“I’m learning that I need to ‘walk the walk’ at our school. It’s not enough to talk about changing the world – you have to actually do it.” The fifth grader pauses, and then continues, “I realize that we can’t leave it to other people. We need to be the ones to act. And we need to have hope.”
Hope. In Hebrew, tikvah. The word stems from kavah, a cord made of several individual strands twisted together for strength. Hope, like the strands in a cord, bind us to each other, to our obligations, and to our future. It motivates us to try. It is not an abstract or pollyannaish concept but instead, as the psychologist Charles Snyder explains, one that requires the articulation of specific goals, the ability to imagine the paths forward, and the capacity to persevere – even in the face of challenges. As Rabbi Jonathan Sacks explains: “Hope is the belief that we can make things better. Optimism is a passive virtue, hope is an active one. It takes no courage to be an optimist but it does need courage to hope.”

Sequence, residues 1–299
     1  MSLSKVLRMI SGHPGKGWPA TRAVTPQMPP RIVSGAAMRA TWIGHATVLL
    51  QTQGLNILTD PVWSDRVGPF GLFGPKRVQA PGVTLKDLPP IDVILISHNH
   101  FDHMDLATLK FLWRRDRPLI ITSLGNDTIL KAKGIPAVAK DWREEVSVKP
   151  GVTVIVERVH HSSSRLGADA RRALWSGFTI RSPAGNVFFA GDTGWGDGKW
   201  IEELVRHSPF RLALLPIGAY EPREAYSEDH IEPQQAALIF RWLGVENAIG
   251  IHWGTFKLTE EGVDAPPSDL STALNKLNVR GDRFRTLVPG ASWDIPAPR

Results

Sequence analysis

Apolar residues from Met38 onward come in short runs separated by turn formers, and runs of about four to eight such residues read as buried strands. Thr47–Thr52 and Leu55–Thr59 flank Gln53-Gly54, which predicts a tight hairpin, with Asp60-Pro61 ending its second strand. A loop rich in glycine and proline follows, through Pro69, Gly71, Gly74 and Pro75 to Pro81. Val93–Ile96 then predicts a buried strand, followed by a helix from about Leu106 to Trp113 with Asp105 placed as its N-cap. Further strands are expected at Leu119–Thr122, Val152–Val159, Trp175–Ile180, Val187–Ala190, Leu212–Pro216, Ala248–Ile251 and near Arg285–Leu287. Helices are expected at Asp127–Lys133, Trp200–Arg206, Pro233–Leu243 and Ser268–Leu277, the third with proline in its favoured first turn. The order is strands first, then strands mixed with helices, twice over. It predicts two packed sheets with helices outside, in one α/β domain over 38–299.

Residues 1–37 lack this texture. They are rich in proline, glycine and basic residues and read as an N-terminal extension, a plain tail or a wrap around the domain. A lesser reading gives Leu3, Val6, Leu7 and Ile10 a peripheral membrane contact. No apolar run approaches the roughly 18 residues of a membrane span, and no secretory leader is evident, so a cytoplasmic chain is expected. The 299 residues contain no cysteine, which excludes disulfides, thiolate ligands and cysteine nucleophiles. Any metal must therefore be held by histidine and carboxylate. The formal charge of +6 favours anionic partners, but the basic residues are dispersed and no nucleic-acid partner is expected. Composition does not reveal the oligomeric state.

It also takes courage to acknowledge that our future depends on us. “Sometimes we are afraid to grow because we have more responsibilities,” explains a JCDSRI fourth grader. “But we need to push forward and make the world a better place.” Listening to our students contemplate their responsibilities and the role that hope plays in their lives, I am reminded of the words of Marian Wright Edelson, educator and activist: “Education is for improving the lives of others and leaving your community and your world better than you found it.” I am proud that at JCDSRI our students are learning to “walk the walk” and are motivated by hope.